My DTD has just started saying 'oui', its her 5th word (maman, papa, nanna, and no-no) and she's been saying the other 4 for about 3 months. she is now 17m. DTS has no words at all! I think DS1 had a couple of French words as well as his English, in fact he seemed very equal until he was 2, the French fell behind a bit once he started using sentences.
not sure about babble sounds though. DTD is the only babbler and it sounds the same whether to me or her father.
Ooops - I never noticed until they used actual words from their other language, which was probably around 14 months with the boys, who were born here, and a few weeks after we moved her with DD, who was 19 months and already speaking well in English when we moved
DC3 stopped using any German for a while at about 22 months, while his English surged ahead, for no logical reason (no trip to the UK in that time or anything) and then after a few months of seeming monolingual his German started to come on again, both understanding and speaking. He's 2.5 now and his English is still ahead but he does fine in German (minority language - English - at home, just started playgroup in German twice a week, no other child care but very immersed as we don't spend time with expats. Older kids are fully bilingual without any problems, at school and Kindergarten in German.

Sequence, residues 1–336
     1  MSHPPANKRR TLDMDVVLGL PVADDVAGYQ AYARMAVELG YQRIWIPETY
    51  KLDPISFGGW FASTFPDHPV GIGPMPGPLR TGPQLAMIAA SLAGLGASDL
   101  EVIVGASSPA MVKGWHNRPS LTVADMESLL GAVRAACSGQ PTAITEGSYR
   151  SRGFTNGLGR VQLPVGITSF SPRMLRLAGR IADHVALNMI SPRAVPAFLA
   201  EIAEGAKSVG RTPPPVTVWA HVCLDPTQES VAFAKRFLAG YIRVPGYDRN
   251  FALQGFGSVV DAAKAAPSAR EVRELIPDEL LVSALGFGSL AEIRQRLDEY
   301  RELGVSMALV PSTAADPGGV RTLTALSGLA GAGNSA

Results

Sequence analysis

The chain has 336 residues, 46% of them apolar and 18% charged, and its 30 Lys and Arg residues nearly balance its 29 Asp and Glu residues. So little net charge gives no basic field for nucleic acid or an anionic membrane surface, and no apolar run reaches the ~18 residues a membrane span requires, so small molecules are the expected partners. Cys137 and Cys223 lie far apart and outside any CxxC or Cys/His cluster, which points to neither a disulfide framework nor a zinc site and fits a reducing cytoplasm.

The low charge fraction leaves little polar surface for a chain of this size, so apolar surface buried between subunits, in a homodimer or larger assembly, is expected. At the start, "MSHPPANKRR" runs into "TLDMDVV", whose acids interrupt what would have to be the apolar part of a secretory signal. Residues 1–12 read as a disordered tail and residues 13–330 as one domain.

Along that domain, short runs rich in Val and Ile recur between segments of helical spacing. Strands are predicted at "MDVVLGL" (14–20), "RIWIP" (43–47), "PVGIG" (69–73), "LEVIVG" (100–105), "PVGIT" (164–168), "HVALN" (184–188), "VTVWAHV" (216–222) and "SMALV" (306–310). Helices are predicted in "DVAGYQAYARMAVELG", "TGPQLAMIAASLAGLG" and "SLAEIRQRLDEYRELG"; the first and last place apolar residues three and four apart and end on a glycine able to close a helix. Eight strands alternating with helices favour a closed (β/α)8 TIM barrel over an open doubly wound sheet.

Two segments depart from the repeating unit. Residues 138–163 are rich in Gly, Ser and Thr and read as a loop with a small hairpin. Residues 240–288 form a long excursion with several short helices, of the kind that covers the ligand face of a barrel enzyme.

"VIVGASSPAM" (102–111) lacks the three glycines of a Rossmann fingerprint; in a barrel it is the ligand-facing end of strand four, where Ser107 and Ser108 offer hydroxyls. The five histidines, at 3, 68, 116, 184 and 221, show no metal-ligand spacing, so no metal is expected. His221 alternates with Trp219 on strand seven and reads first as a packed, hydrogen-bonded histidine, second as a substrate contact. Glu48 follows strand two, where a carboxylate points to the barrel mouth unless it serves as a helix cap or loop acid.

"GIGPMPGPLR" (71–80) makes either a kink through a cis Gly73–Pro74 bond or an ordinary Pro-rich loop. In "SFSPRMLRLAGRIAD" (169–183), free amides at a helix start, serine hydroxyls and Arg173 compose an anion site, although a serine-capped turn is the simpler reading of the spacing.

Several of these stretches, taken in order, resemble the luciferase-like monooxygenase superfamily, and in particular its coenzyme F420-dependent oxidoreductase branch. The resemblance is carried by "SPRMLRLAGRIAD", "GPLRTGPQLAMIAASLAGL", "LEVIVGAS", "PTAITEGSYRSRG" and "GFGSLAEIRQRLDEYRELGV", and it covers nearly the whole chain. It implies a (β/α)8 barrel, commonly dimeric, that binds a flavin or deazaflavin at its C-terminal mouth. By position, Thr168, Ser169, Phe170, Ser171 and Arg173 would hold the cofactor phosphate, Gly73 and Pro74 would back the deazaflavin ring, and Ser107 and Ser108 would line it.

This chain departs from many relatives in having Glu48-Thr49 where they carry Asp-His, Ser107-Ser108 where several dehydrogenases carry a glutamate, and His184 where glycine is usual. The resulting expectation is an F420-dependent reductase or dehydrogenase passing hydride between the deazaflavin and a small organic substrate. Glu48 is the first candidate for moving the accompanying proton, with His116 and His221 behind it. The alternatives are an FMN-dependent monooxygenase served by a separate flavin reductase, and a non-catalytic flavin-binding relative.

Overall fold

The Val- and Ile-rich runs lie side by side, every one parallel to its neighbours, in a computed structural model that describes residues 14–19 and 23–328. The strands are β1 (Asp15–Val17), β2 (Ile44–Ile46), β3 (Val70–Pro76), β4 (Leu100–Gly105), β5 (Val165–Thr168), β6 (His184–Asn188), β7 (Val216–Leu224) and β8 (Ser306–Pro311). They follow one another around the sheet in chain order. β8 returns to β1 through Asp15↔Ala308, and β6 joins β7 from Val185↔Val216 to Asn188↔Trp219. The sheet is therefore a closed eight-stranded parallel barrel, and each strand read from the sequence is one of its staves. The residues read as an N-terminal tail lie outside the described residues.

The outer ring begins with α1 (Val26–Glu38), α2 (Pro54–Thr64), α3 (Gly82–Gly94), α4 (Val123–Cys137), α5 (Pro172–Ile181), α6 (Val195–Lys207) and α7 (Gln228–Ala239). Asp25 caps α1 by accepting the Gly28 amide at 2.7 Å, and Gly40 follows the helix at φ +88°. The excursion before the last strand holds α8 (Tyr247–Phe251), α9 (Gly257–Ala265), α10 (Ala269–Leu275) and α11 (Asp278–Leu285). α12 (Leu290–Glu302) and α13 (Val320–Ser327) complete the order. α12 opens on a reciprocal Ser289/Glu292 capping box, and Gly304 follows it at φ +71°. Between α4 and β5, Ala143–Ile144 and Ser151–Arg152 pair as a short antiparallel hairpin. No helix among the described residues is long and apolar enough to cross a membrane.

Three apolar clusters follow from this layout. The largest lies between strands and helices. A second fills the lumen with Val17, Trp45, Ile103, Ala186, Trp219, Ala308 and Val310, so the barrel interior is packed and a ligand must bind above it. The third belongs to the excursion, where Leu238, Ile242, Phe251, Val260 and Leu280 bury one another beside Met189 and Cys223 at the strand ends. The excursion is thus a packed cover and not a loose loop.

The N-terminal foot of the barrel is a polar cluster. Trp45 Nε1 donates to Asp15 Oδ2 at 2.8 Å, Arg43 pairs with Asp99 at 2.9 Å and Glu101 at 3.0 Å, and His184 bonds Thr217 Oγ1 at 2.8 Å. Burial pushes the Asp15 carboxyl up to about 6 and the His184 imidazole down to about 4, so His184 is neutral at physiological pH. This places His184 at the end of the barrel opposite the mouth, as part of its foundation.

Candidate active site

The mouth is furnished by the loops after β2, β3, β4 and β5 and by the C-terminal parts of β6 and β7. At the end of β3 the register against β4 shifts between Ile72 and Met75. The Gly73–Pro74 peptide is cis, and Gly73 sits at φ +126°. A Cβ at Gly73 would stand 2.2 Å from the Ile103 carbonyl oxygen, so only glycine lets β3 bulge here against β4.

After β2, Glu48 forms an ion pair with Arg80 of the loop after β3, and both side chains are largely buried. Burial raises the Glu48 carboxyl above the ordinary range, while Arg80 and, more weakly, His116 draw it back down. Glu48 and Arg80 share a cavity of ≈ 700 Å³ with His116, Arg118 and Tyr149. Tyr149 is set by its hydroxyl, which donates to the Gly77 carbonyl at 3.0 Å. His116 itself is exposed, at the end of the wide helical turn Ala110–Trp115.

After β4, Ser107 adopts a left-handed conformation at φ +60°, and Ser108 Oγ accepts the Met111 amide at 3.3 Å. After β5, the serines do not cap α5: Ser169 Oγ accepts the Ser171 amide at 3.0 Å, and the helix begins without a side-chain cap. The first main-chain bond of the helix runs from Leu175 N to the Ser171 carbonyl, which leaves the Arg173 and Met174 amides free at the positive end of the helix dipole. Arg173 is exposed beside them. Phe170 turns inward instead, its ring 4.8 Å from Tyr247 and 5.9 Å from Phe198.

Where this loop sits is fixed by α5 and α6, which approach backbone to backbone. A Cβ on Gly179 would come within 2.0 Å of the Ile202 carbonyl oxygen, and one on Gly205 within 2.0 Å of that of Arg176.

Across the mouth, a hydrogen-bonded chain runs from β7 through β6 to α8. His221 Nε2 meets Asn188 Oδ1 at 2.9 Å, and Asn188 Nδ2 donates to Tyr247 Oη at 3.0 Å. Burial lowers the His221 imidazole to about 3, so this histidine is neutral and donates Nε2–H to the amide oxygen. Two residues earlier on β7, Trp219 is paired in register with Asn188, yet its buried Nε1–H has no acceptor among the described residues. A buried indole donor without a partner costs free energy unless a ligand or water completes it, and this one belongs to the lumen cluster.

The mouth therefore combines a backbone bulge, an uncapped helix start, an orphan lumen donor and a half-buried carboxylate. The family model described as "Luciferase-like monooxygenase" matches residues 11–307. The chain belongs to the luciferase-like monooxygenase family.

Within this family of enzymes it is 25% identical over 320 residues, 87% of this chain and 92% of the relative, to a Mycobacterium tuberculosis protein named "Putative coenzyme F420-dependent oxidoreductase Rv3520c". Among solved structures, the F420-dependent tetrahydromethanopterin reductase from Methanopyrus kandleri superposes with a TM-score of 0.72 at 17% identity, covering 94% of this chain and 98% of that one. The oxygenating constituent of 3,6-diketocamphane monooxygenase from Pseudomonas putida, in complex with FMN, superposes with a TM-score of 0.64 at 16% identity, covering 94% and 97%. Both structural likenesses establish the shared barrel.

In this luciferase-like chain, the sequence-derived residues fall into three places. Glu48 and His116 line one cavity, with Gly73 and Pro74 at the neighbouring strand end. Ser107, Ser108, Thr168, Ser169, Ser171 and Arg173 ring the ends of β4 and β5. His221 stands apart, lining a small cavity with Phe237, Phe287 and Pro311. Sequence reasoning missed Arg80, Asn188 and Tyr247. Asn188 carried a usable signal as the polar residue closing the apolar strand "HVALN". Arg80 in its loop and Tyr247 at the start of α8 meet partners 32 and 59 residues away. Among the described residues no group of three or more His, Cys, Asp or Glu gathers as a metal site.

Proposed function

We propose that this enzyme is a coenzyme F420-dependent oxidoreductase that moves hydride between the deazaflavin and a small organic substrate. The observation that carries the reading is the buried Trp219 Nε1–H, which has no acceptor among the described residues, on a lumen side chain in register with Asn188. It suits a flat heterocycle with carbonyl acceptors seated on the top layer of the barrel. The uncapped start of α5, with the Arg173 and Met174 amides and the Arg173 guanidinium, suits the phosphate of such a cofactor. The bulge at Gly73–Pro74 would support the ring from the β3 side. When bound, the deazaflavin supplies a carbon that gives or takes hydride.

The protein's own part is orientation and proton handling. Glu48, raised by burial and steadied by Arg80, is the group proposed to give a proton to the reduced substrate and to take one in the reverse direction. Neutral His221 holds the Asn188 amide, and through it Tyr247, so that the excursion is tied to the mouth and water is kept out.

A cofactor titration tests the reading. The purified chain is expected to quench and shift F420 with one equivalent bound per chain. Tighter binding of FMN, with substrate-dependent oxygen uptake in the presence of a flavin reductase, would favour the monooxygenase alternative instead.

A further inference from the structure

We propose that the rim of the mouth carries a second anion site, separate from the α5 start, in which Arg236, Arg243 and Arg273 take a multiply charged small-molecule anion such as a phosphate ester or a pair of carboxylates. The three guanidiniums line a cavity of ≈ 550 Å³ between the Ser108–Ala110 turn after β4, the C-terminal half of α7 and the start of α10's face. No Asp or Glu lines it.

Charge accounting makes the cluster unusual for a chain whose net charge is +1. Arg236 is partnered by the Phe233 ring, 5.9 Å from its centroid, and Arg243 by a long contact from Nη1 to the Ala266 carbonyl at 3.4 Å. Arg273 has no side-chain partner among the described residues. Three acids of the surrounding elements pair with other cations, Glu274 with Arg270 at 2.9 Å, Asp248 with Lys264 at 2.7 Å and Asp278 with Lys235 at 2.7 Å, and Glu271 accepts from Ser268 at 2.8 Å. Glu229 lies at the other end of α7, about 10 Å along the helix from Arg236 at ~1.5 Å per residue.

No idea on sounds before proper words though, very remiss of me! DD did revert to babble a bit when we moved, which annoyed me as I was very proud of her speaking in sentences so early, but I learned it is normal when acquiring another language as a toddler.
what luvmykdis said. And it's the same in Swedish: the most distinctive sounds are usually the last: think tj, skj and the rolling r: my monolingual nephews didn't really get those until they were school age
dc sounded like monolingual native children from the start, but like monolingual native babies iyswim
sometimes I did take it as interference with English- until I heard my nephews
it depends on whether you're good at hearing sounds or not. By 18 months perhaps? Go through the phonemes of each language. The most distinctive ones in English are also the last to be perfected usually, the vowel sounds you should hear more differences earlier.